Government warning for SMEs facing cyber threats
Many small businesses in the UK are failing to guard against cyber threats and are putting themselves at unnecessary risk, the Government has warned.
Companies could be putting a third of their revenue at risk as they are falling foul of some of the common misconceptions surrounding security, a new report claims.
According to the Cyber Steetwise campaign, a quarter of small firms believe the costs of cyber security are too high while 20% are unsure where to start.
As a result these companies risk losing valuable data while their reputations and finances are also put under threat.
Given that many small firms are becoming increasingly dependent on web-based tools for their operations, a growing number could be at risk.
Measures such as using strong passwords, updating software and deleting suspicious emails can help to mitigate cyber threat, but many companies are slow to implement such practices.
Businesses can always do more to limit the risks they face and that includes researching some of the simpler ways of protecting themselves.
Research is also vital to ensuring that a firm knows how to react if it is targeted as taking the right initial steps can prevent more negative long-term impacts.
How online security is viewed is seen as a major issue by the Government and the campaign aims to change how people perceive issues surrounding online safety.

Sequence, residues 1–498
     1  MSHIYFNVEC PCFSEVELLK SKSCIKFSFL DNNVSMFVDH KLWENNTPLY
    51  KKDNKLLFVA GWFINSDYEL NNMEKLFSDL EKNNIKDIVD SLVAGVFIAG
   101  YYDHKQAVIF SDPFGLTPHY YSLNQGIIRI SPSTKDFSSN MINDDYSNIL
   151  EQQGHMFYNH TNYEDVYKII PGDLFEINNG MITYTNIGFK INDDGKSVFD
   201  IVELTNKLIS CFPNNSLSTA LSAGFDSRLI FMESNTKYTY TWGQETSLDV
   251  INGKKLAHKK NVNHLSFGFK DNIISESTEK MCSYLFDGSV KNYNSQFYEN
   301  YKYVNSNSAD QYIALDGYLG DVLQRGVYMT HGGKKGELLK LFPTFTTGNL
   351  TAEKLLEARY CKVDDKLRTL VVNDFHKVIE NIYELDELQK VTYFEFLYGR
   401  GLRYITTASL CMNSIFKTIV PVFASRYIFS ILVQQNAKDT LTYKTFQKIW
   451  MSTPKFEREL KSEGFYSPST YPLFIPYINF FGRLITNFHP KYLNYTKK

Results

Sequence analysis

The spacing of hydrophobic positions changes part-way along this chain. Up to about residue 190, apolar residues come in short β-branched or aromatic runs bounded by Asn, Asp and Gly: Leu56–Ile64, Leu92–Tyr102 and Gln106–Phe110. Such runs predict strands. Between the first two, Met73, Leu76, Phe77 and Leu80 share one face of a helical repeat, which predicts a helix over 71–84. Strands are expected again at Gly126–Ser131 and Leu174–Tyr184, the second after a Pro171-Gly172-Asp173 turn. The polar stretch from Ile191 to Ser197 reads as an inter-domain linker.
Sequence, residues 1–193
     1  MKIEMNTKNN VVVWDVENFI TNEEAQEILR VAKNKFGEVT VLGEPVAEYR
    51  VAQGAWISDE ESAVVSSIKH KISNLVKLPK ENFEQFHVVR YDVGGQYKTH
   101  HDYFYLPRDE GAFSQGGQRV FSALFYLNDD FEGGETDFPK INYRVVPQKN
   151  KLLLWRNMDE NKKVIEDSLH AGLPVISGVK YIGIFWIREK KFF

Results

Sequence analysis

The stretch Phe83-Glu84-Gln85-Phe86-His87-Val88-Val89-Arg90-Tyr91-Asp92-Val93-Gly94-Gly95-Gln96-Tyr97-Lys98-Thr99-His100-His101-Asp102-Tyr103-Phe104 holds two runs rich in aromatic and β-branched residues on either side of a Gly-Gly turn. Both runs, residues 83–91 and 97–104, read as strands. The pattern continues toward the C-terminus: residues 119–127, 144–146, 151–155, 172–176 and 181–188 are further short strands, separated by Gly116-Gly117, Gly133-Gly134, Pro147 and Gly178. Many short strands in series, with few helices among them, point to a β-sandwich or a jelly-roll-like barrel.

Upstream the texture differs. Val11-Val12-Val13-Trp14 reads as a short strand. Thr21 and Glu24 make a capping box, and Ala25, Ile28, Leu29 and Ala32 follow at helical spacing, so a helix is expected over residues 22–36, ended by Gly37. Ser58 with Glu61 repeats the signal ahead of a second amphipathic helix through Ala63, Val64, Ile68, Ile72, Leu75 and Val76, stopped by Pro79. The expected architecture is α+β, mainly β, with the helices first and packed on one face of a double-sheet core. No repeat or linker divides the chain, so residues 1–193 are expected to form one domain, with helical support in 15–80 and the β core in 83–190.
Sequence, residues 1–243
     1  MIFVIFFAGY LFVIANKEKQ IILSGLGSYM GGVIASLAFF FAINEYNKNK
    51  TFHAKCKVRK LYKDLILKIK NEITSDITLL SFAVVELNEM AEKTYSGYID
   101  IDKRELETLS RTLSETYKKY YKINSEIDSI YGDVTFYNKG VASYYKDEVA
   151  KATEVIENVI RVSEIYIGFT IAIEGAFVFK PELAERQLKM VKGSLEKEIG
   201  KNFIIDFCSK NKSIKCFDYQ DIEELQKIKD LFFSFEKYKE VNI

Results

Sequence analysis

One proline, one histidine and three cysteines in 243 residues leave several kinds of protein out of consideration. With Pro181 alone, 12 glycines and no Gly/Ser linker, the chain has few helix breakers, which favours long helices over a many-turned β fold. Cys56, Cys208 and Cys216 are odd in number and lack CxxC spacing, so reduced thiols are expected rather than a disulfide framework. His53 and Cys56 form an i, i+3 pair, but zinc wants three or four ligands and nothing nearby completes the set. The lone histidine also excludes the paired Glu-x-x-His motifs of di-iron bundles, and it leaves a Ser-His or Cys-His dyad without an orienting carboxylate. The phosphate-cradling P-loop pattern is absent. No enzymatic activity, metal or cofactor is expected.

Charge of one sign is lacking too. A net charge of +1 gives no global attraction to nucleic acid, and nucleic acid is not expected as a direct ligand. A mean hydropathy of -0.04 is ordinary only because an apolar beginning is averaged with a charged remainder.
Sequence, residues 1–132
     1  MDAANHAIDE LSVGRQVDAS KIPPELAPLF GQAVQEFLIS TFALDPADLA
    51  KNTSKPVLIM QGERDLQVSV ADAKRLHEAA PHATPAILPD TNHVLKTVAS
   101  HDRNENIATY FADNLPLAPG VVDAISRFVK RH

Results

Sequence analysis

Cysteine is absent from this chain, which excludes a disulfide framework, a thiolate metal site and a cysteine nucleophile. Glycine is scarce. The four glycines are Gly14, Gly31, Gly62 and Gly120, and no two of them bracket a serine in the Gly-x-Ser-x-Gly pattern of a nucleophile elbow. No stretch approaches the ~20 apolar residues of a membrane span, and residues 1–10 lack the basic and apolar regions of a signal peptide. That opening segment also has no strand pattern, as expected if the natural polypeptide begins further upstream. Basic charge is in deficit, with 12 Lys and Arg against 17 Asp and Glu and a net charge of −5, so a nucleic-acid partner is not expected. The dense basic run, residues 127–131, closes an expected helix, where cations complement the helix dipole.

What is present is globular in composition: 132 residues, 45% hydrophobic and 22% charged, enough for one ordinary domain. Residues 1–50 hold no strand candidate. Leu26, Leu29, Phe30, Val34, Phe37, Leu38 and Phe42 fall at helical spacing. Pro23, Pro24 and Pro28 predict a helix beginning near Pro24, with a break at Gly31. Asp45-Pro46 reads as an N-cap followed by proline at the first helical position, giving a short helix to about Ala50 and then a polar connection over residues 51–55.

Some of the common misconceptions identified the idea that only companies taking payments online are at risk and that small companies won’t be targeted due to their size.
Both incidences are not the case and failing to have adequate protection can place firms under serious financial strain.
A third of businesses in 2014 suffered some form of cyber attack, costing between £65,000 and £115,000 on average to put right.
Government figures also suggest that firms can be put out of action as a result and this impacts severely on revenues.
Taking simple security measures could make the task trickier for hackers while reducing the likelihood of company administration should the financial impacts be too difficult to handle.
The Government encourages firms to research technology thoroughly before implementing it while ensuring that current systems are run to a safe standard.
By Phil Smith